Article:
James II: Day of the Innocents
National Theatres of Scotland and Great Britain
From 10 August 2014 to 20 August 2014
Review by Philip Fisher
The second James play inevitably also has Shakespearean echoes. It is a work filled with intrigues that is more diffuse and fantastical, of necessity since James II acceded to the throne aged five.
As we gradually learn, this followed the assassination of his patriarchal predecessor and the boy’s desertion by an unfaithful and seemingly unloving mother. His plight is symbolised in Jon Bausor's design where the dark wooden walls are riddled with big holes.
Much of the first half takes place in a series of nightmares suffered by Andrew Rothney's monarch, a boy cursed by a strawberry birthmark across much of his face. At times the format can confuse, challenging viewers to decide whether they are witnessing reality or dreams.
Throughout his boyhood, the King rules only in name, a trio of untrustworthy Earls making decisions for him to which he was expected to affix his seal. It is a real toss-up whether Livingston (Gordon Kennedy), Crichton (Ali Craig) or the cowardly but greedy Balvennie / Douglas (Peter Forbes) is the safest ally for the young man.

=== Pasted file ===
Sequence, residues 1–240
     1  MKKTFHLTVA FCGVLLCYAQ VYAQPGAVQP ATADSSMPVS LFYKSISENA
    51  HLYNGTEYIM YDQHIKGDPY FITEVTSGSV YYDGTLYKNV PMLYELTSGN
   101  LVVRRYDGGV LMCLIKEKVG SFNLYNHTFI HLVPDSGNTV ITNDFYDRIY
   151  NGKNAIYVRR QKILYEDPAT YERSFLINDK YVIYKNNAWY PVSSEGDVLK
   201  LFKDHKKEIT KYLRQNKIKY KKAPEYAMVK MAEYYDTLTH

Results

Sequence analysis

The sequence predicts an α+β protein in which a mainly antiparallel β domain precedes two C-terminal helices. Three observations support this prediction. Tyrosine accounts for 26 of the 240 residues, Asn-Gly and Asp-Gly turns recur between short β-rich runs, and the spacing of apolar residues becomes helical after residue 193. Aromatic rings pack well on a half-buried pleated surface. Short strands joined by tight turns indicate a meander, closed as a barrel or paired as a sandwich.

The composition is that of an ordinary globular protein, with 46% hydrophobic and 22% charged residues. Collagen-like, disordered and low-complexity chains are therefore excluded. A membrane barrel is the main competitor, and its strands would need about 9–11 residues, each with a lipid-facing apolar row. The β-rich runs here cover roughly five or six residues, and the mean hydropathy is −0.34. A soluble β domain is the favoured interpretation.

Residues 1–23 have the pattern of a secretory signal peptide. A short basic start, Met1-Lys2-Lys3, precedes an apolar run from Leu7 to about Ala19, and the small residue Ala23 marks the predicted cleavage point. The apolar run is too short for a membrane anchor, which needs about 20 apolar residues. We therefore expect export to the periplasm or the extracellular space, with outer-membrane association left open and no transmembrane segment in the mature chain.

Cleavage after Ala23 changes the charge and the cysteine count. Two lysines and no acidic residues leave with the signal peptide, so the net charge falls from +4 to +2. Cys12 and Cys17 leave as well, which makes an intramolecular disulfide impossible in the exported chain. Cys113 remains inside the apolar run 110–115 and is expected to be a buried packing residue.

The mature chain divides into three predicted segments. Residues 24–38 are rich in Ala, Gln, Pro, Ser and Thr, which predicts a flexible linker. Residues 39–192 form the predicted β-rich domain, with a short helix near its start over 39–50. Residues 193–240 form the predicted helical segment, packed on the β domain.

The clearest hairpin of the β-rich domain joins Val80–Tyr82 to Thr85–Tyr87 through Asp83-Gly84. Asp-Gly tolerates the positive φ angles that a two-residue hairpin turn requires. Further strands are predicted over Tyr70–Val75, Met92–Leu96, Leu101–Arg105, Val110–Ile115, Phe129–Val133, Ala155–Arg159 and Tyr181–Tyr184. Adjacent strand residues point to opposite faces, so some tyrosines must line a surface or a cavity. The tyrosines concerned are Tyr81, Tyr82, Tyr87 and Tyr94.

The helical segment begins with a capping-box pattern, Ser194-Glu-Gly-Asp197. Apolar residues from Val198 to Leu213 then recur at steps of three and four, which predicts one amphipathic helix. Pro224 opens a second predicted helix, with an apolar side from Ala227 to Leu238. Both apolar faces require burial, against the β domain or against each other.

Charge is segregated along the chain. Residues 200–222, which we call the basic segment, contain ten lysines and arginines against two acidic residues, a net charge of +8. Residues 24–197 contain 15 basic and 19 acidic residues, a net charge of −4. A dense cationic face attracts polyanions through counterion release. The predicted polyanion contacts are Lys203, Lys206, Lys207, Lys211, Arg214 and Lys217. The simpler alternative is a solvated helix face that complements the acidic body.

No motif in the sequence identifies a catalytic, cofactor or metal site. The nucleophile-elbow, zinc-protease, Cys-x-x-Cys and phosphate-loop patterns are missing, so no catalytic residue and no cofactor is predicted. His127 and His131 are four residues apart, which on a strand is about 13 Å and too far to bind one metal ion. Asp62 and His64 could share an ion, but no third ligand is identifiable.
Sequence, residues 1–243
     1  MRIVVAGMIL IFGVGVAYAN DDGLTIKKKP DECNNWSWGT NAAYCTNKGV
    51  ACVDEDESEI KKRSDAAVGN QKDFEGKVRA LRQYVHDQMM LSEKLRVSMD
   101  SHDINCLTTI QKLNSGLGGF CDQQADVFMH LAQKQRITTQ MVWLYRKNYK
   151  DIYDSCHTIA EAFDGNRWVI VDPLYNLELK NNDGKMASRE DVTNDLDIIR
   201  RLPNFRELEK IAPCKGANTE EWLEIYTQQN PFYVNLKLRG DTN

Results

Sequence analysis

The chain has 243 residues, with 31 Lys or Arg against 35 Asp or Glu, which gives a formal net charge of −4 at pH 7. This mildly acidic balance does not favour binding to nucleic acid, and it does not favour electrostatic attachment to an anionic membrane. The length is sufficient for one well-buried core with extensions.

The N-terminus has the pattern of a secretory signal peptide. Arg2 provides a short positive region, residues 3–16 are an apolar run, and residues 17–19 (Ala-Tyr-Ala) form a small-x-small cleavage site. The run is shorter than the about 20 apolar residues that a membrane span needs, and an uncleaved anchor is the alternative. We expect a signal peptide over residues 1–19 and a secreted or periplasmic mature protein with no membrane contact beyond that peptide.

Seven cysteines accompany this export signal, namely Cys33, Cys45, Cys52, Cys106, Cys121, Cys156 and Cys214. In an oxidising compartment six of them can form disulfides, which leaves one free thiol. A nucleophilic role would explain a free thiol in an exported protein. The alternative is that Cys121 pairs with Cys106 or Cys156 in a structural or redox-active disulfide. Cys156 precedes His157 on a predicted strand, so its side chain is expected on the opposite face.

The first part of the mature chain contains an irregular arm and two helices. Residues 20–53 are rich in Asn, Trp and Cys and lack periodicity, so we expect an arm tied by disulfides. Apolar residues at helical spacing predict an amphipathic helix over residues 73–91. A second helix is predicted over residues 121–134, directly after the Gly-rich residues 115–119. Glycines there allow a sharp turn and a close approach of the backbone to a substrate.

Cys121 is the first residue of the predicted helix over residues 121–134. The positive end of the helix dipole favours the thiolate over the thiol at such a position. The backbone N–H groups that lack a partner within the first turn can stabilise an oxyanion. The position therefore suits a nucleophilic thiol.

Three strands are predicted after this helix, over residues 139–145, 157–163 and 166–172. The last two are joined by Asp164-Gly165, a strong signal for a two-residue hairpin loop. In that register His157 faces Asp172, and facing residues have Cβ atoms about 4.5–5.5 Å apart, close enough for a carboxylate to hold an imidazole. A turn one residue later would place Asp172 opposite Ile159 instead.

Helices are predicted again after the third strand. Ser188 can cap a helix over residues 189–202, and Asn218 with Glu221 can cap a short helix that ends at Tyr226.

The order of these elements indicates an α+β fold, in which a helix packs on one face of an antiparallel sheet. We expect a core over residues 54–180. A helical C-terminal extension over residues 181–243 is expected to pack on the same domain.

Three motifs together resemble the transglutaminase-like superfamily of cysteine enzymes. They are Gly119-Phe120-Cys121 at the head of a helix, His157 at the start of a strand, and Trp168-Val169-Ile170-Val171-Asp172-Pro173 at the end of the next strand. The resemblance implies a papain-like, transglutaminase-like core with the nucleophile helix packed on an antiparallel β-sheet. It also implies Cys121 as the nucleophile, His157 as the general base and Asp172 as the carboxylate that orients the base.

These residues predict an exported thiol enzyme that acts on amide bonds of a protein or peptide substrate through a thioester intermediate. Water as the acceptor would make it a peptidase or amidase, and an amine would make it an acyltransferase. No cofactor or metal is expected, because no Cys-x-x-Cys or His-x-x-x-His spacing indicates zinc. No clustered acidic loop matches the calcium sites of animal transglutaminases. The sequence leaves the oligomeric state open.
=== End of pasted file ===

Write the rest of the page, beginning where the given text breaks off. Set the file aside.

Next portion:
While the leading actors catch the eye, praise should be lavished on Blythe Duff as the witch-like Isabella Douglas, a simultaneous help and threat to the young ruler.
In fact, when the chips are down, James II was always most likely to turn to his contemporary, Will Douglas for comfort and support.
The boys' bond is cemented after the interval when Mark Rowley's younger Douglas helps the King to assert himself at long last, dismissing the older generation in one fell swoop.
When coupled with Stephanie Hyam's wise new Queen Mary and Rona Morrison as James's sister Annabella, the power base seems solid.
However, that was never the way in those far distant times when as soon as someone became an ally, they seemed to feel a need to take power or riches and so it proves here.
Treachery is soon threatening the King, leading to an unlikely denouement that could easily leave Scotland in turmoil by the time the third King James comes on to the scene after dinner.